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Some Points of Difference


  1. Steam transport got under way about a generation earlier than in our history, and steam cars have been common since the 1820's, gradually improving. By the time the internal combustion engine came along, so much effort had gone into developing automotive steam engines that they remained dominant in all but aeronautical and armored fighting-vehicle applications. Petroleum or coal oil has been the dominant fuel for autosteamers since the first Egyptian oil fields were discovered (by teams drilling for water) in the 1810's. Modern (1940) autosteamers have pressure-injected flash boilers with high superheat, operating safely at 1,200 psi; the standard operating unit is a triple-expansion uniflow with extensive electric auxiliaries. Heavy, articulated trucks are common, particularly in the Domination. The autosteamers of the 40's represent a "mature" technology—fairly uniform everywhere, rugged, easy to maintain and very long-lasting. Performance and price are both lower than the equivalent internal-combustion machines of our history, but reliability is greater. Since they are relatively simple to manufacture, most nations with any pretensions to modernity have an autosteamer industry.
  2. Air transport became a practical reality in the 1870's; the Domination's need for fast long-distance transport provided the incentive. The first dirigibles were steam-turbine powered, with laminated wood frames and cloth hull coverings. By 1914, "metalclad" airships were the rule (a thin metal hull providing gas sealage, with an internal frame). Size had increased to 1,000 feet length, 250 feet maximum diameter, 8,000 mile range and 100 tons useful lift, burning a mixture of kerosene and hydrogen as fuel. Heavier-than-air planes were developed primarily to destroy dirigible bombers, and did so very effectively. Transport dirigibles continued in use, and by the 1940's could carry up to 200 tons for 12,000 miles at 90 mph. Long distance air freight dates from the 1890's (the decade of the first Atlantic crossing). The more primitive areas of the continental interiors were largely opened up by dirigibles: Yunnan, Tibet, the New Guinea highlands…
  3. Urban mass transit got an earlier start, since the autosteamer could be employed on city streets. Monorails evolved from elevated urban railways—first pneumatic, then electric, then powered by linear induction motors. Autosteamers and trucks served as feeders to railways from the beginning, ousting animal transport very gradually over a period of generations—first in the advanced countries, and spreading from there.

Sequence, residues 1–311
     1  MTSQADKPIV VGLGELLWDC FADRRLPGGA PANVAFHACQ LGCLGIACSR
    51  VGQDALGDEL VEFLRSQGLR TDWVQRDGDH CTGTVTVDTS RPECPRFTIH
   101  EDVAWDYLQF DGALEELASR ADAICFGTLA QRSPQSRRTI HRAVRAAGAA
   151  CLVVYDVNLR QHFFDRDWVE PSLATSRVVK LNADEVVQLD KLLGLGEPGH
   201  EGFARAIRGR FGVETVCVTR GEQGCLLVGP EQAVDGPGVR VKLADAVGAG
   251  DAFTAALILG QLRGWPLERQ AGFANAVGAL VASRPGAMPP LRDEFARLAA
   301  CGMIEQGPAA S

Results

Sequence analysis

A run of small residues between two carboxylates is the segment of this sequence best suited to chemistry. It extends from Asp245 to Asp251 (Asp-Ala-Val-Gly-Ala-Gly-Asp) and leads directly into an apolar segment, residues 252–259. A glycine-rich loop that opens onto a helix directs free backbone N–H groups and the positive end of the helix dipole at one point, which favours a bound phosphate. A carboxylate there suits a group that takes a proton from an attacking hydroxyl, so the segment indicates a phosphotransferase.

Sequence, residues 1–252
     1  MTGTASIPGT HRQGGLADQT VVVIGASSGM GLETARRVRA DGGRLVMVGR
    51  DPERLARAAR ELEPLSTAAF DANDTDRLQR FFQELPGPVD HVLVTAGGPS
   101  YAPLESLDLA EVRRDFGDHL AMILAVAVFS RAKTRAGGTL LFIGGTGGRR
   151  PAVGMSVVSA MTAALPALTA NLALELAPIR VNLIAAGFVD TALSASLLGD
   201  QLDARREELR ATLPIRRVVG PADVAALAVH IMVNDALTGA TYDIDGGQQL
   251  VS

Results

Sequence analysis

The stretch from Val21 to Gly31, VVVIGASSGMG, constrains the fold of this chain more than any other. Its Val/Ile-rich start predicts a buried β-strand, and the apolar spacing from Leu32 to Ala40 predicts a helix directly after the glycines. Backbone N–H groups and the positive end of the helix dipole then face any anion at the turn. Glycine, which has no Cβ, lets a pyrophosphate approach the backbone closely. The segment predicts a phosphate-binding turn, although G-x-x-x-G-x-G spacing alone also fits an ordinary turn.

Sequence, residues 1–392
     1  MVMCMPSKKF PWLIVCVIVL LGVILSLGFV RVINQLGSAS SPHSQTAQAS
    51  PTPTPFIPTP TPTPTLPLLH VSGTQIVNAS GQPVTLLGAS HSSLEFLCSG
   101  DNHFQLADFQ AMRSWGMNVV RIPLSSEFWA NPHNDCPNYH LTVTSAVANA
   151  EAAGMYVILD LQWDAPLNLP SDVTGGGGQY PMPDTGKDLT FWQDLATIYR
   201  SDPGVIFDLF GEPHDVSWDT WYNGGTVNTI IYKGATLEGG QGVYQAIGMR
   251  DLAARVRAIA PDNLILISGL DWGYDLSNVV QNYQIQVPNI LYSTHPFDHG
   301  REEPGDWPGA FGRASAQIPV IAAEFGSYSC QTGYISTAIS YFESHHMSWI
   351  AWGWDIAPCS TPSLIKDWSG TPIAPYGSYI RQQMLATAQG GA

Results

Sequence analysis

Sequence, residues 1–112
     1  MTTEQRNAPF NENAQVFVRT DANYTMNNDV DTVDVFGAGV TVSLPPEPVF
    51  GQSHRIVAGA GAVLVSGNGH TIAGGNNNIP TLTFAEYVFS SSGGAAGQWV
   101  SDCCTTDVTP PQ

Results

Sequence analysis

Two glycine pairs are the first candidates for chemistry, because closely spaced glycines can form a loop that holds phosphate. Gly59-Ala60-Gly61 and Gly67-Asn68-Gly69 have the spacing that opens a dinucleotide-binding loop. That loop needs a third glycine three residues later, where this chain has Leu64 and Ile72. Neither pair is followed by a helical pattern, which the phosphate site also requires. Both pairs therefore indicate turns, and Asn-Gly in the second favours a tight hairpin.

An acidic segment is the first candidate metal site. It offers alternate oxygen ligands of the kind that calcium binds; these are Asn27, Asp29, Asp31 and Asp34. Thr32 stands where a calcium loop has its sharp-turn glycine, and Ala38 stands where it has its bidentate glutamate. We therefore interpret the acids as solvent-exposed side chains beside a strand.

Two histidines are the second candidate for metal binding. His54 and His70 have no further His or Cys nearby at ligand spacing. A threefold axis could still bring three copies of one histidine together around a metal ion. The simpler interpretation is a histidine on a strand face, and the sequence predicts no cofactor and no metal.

4. "Modern" (Bauhaus) architecture never really got under way in the Domination's timeline; Frank Lloyd Wright practiced, but the German school was never born. Steel-frame and ferroconcrete construction are common, but the unadorned "glass shoebox" is reserved for industrial uses. Public and domestic architecture in the Domination is predominantly "Drakastyle"—an Art-Nouveauish version of earlier Classico-Mughal schools: lines are fairly simple, but with elaborately decorated surfaces (mosaic, murals, stained glass). Euro-American styles are variously historic, Art Nouveau-Art Deco, and "Mechanist." Skyscrapers are common in the larger American cities, but not much imitated elsewhere. Central air-conditioning was developed in the Domination in the 1850's, immediately after the invention of practical refrigeration, and spread rapidly to the tropical areas of the U.S.; small, single-dwelling units were available in America by the time of the Great War.
  5. Clothing makes less use of synthetic fabrics, since the natural equivalents are much cheaper than in our history. Draka clothing adapted early to tropical climates; it is loose, light, and nonconfining. This has had some influence on general Western, styles. Trousers for women were introduced for sporting purposes in the Domination in the 1860s, and for casual wear in "daring" circles by about 1900. The U.S. followed about a generation behind, and Europe still later. Hats remain common for both sexes past the 1950's; colors are usually brighter.
  6. Social intoxicants have a rather different history in the Domination's timeline. Both the United States and the Domination are exposed to cannabis on a large scale fairly early—the Draka from the North Africans and the U.S. from Mexico. Sporadic attempts at prohibition in the United States break down in the 1930's, with social acceptance (outside the Bible Belt) following during the Eurasian War. (In the process, ethnic Mexicans come to dominate organized crime in most major cities, much to the discomfort of the law-abiding majority of Hispanics.) Ganja is popular and legal in the Domination from the early nineteenth century; both countries launch occasional educational campaigns to prevent abuse. The first studies linking tobacco to cancer and heart disease are done in Germany in the 1930's and at first, widely discounted as Nazi propaganda. The U.S. is otherwise a spirits-and-beer country, with some wine-drinking enclaves. The Domination is a wine-and-brandy region with a minor key in (German and Scandinavian-influenced) beer.
  7. Solar-power units (glass circulating-water collectors, with underground pressurized-water heat sinks) were developed for isolated plantations in the Domination in the 1860's, and spread widely in high-sunlight tropical regions. By the 1920's most ranches and farms in the American Sunbelt have one.
  8. Household appliances (vacuum cleaners, etc.) are primitive, and outside the U.S. rare.

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